Imitation may be the sincerest form of flattery, but whether you consider yourself an artist or an entrepreneur, it’s infuriating to find that the designs you carefully crafted are being sold on a competitor’s website. Unfortunately, it’s not an uncommon situation. 

The good news is that sites like Etsy, FaceBook and Amazon have mechanisms for taking down the offending pages selling infringing products. However, they can only help if your design and business meet their criteria for protection.

The DCMA & Your Designs

Your protections by these companies fall under the Digital Millennium Copyright Act or DMCA. The owner of a design or other protected materials can file a complaint with the hosting company to have infringing materials removed. The complaint, a request for takedown, includes a statement as to the ownership of the underlying design or mark.

This is not a guarantee of protection, though. The accused infringer is permitted to challenge the takedown and demand proof of ownership of the design. At that point, there is a time limit for the design owner to “put up or shut up” – either showing proof of ownership and/or filing a federal lawsuit. 

If you’re working with an attorney and have registered your design with the U.S. Patent & Trademark Office and/or the U.S. Copyright Office, you should be in good shape for this challenge. Trademark and copyright registrations may be sufficient to prove ownership and squash the challenge.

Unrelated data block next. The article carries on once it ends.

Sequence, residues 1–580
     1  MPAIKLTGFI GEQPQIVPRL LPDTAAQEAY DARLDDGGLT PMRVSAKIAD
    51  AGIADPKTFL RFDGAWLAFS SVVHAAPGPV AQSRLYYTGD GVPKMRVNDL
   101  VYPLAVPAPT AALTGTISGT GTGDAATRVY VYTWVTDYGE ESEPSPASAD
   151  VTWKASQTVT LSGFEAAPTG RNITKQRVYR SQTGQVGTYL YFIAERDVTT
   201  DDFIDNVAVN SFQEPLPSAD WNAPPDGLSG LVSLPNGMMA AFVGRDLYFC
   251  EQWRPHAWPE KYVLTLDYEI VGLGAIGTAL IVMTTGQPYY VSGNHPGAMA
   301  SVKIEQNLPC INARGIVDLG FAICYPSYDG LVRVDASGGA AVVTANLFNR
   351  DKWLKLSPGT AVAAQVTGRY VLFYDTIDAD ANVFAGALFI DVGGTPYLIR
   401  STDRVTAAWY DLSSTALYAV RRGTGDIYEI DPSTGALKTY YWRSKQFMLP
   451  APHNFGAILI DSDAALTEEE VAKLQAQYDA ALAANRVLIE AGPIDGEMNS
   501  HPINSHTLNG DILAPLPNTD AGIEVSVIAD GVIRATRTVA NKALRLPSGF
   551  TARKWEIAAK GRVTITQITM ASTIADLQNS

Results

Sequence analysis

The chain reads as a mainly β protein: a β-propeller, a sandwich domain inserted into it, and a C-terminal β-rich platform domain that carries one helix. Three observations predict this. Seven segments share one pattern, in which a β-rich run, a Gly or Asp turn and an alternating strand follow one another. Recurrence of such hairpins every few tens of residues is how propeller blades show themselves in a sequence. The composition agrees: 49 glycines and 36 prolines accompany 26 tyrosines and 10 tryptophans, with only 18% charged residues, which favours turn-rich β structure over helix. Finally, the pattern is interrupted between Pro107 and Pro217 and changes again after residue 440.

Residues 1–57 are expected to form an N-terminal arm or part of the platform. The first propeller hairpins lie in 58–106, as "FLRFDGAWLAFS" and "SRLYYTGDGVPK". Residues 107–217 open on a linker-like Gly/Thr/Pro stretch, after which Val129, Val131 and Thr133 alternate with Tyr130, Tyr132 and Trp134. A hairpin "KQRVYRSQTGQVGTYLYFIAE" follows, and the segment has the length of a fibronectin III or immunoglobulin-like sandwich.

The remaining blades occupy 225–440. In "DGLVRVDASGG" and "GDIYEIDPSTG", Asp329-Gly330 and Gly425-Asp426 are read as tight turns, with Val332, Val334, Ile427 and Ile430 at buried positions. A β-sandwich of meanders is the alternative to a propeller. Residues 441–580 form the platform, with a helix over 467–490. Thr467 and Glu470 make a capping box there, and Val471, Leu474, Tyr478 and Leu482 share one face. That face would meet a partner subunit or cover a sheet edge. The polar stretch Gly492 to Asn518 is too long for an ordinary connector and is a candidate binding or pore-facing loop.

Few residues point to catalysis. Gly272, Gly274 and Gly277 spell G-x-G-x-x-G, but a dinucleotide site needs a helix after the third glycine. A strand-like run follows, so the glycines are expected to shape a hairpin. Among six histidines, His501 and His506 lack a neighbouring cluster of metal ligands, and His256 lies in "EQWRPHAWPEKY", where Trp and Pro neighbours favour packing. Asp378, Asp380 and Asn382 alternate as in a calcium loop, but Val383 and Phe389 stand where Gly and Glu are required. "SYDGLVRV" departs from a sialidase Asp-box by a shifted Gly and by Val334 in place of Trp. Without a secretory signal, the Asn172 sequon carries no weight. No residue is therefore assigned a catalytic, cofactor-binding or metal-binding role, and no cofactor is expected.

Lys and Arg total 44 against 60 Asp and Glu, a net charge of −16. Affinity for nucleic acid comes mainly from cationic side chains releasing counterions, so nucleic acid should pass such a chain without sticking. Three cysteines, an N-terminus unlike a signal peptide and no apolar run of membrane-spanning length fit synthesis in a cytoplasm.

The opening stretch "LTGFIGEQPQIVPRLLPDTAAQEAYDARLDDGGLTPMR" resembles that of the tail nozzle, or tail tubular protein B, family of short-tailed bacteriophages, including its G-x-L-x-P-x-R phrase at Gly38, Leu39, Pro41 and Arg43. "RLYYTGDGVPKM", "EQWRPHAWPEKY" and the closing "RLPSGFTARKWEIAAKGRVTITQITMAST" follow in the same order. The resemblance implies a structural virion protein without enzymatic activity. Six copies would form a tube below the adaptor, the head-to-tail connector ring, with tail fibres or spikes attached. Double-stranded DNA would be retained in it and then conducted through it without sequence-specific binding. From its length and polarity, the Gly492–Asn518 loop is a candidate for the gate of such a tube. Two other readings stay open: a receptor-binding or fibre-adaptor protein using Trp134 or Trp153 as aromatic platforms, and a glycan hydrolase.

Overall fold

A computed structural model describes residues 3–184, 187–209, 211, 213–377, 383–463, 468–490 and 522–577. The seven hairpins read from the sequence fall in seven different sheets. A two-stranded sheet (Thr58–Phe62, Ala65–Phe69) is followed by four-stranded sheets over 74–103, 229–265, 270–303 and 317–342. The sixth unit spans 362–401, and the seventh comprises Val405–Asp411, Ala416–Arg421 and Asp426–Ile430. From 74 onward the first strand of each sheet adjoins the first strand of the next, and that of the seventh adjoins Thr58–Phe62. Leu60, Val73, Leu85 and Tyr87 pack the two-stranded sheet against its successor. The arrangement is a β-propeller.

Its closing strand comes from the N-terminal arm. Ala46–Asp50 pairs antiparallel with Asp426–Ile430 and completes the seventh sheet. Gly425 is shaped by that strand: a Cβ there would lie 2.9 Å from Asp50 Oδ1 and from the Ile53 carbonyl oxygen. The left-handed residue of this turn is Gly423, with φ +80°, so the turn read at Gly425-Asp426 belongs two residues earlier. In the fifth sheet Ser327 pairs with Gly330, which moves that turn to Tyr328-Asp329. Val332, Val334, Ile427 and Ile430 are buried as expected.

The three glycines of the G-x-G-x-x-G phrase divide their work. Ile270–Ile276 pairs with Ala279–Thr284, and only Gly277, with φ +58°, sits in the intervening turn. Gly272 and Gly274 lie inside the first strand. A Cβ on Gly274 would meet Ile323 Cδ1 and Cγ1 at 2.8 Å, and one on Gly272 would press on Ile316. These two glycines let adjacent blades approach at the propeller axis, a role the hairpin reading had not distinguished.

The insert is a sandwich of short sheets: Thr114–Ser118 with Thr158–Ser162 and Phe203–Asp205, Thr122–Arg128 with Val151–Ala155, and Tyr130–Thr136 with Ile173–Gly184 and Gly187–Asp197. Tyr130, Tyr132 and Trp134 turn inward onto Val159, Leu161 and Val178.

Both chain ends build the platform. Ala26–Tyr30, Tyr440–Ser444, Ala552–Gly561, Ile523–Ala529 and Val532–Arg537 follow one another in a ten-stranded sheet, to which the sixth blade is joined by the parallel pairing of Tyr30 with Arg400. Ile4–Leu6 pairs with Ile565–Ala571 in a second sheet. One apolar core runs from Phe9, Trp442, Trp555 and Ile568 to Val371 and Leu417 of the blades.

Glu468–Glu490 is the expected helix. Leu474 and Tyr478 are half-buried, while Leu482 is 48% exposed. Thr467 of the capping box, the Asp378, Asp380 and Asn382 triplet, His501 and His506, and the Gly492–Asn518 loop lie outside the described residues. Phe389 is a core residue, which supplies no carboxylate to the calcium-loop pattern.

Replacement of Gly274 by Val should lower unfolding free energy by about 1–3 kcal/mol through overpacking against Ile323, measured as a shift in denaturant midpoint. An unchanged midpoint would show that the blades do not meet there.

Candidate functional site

But what if the design hasn’t been registered? What can be done?

Protection Limits for Unregistered Designs

If you have not registered your design, this type of situation can be challenging. Under U.S. law, copyright rights attach when an original work is created in a tangible medium. However, some online entities such as Amazon or Etsy require that the owner produce an actual registration to document their ownership. 

Without that registration, you won’t be able to ask for their help in the takedown of the offender. While legally you may have rights to protection, you’re limited to what the hosting company will do for you. In addition, copyright registration is required to file a court case and collect damages for infringement. Moving forward to protect your design without a registration for your mark is possible, but very limited. 

Registering a copyright is relatively inexpensive, but can take a few months for the registration to issue. There is a process to expedite registration, but the fees can be over $1000  per application. 

Avoid playing catch-up with potential design thieves. The best defense is a good offense. An experienced attorney can determine the most efficient way to protect your most vulnerable works. 

The longer you wait to register your copyright or trademark, the more expensive it can be to enforce your rights. Contact us to start a cost efficient protection program.